As a former Peace Corps volunteer in Sarawak, Borneo from 1963 to 1965 and living in Clay County for years, I hope that Congressman Yoho will give strong consideration to supporting at least level …
As a former Peace Corps volunteer in Sarawak, Borneo from 1963 to 1965 and living in Clay County for years, I hope that Congressman Yoho will give strong consideration to supporting at least level funding of $410 million for the Peace Corps and $60 billion for the International Affairs Budget for fiscal year 2018.
The Peace Corps – just 0.01 percent of the federal budget – and the development and diplomacy programs in International Affairs – just nine-tenths of 1 percent of the federal budget – are needed now more than ever to continue to contribute to America’s national security.
“National security?” some readers might say. That’s right, national security.
More than 120 retired three and four-star generals agree. In a recent letter to Congressional leadership, these generals wrote:
“The State Department, USAID, Millennium Challenge Corporation, Peace Corps and other development agencies are critical to preventing conflict and reducing the need to put our men and women in uniform in harm’s way.” Four of the 121 signatures include four former Admirals who live in near St. Augustine.
And as Defense Secretary James Mattis said while Commander of U.S. Central Command, “If you don’t fund the State Department fully, then I need to buy more ammunition.”
Yet the Peace Corps and International Affairs are under threat of deep cuts from the administration’s budget proposal. If we can’t take America’s military leaders at their word, who can we?
Additionally, Peace Corps Volunteers are America’s grassroots ambassadors, implementing democratic ideals 24/7/365 in remote, isolated communities in 63 countries around the world. Indeed, many beneficiaries of Peace Corps Volunteers have gone on to become leaders of their nation and champions of American principles.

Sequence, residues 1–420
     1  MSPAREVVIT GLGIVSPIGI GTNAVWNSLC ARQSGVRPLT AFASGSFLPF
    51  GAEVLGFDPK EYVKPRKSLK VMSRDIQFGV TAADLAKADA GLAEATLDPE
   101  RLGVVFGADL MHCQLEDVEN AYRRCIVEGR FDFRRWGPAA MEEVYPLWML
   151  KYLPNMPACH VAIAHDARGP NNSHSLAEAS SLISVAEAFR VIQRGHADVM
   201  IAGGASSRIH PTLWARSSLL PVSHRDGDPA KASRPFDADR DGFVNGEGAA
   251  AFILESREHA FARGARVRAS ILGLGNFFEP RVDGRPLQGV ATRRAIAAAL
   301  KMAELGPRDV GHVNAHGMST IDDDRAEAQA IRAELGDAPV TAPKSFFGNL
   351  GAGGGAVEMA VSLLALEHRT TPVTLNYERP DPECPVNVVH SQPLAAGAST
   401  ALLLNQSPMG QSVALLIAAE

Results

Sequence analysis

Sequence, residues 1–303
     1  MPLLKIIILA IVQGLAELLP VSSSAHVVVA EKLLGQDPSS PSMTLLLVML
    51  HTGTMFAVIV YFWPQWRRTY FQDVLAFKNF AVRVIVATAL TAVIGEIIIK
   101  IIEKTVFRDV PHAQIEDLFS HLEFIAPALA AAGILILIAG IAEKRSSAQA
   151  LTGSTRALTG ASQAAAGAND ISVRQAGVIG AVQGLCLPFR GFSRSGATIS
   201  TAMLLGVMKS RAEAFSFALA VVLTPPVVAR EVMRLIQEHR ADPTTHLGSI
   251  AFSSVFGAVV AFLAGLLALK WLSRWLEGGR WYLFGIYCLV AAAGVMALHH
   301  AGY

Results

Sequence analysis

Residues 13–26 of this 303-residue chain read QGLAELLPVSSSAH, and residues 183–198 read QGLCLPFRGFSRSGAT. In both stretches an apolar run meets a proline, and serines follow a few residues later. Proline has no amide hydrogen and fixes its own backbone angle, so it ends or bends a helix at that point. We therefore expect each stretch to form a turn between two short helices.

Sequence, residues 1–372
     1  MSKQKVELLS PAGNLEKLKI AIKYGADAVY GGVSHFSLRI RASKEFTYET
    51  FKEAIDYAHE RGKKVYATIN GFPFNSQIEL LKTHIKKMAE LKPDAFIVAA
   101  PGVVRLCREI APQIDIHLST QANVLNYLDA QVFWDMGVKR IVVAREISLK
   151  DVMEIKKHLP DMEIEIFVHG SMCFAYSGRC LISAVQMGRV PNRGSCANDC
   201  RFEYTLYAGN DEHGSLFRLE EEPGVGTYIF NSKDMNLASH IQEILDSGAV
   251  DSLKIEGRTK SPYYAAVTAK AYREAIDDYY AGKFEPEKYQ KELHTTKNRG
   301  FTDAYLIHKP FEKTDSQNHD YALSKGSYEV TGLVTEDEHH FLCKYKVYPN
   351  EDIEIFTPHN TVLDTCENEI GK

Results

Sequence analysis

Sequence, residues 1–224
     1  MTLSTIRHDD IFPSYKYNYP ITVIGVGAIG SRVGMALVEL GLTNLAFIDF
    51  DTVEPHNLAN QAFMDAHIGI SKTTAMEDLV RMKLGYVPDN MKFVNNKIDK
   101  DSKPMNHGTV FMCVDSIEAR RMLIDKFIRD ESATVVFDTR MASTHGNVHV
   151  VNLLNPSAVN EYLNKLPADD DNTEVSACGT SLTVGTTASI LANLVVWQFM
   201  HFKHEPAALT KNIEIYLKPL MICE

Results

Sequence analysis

President of Afghanistan Ashraf Ghani has said, “Peace Corps Volunteers taught at my school. I learned English, fair play and the meaning of democracy.”
Yet for an extremely effective and cost-efficient form of national security, the Peace Corps is terribly underutilized. Each year, approximately 24,000 Americans apply for roughly 3,800 positions, meaning thousands of qualified applicants are turned away from serving their country and the world.
As retired Gen. Stanley McChrystal has said, “This gap represents democratic energy wasted and a generation of patriotism needlessly squandered.” And demand for the Peace Corps remains high: 20 countries consistently request more Peace Corps Volunteers.
There are currently 7,200 Peace Corps Volunteers serving in 63 countries, including Ukraine, Colombia and Myanmar. Are these not countries where we want more Peace Corps Volunteers? And if America doesn’t demonstrate a commitment to these countries, who will? And what will those commitments be?
Congressman Yoho, we thank you for your service to Florida’s 3rd District, and hope that you will champion the Peace Corps and International Affairs. As the generals conclude in their letter to Congress, “Now is not the time to retreat.”
Dr. Richard Lipsey